MRO Magazine

Focus on Training: Bearing maintenance training certified for CEUs

The Timken Bearing Maintenance Training curriculum has been certified by a college for continuing education units (CEUs). CEUs are commonly used in many industries to provide ongoing professional enrichment based on approved curriculum by an educa...


December 1, 2003
By MRO Magazine

The Timken Bearing Maintenance Training curriculum has been certified by a college for continuing education units (CEUs). CEUs are commonly used in many industries to provide ongoing professional enrichment based on approved curriculum by an educational institution.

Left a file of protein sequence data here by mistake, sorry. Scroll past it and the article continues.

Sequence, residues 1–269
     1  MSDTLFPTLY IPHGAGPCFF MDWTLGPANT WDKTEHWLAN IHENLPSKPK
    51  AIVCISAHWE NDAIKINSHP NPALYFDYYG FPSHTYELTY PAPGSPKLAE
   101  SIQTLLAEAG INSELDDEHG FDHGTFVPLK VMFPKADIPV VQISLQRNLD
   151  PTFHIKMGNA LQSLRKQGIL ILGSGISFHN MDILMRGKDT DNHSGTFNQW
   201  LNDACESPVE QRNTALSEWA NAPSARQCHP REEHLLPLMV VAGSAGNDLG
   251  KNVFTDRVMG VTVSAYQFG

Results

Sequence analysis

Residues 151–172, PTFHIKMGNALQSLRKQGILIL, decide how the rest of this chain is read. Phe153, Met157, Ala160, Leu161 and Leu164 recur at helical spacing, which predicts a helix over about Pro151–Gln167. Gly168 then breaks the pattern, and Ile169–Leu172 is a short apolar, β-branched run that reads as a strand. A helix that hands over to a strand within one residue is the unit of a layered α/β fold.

The Timken Company’s training program, taught by a team of service engineers, is designed to educate customers on the practical issues of bearing handling, installation, lubrication and maintenance. The program serves a number of industrial markets, including rolling mills, aerospace, mining, power generation and the heavy-duty truck market.

In its assessment of the training program, Stark State College of Technology in Canton, Ohio, reviewed the instructors, the classroom curriculum, and the hands-on presentations before granting certification. As a result, the Timken Bearing Maintenance Training program offers two options: a four-hour class approved for 0.25 CEUs, and a three-day advanced training session approved for 1.5 CEUs.

“Timken customers now have access to world-leading bearing training that also offers them continuing education credit,” says Jeff S. Calvin, section manager for Timken’s service engineering group.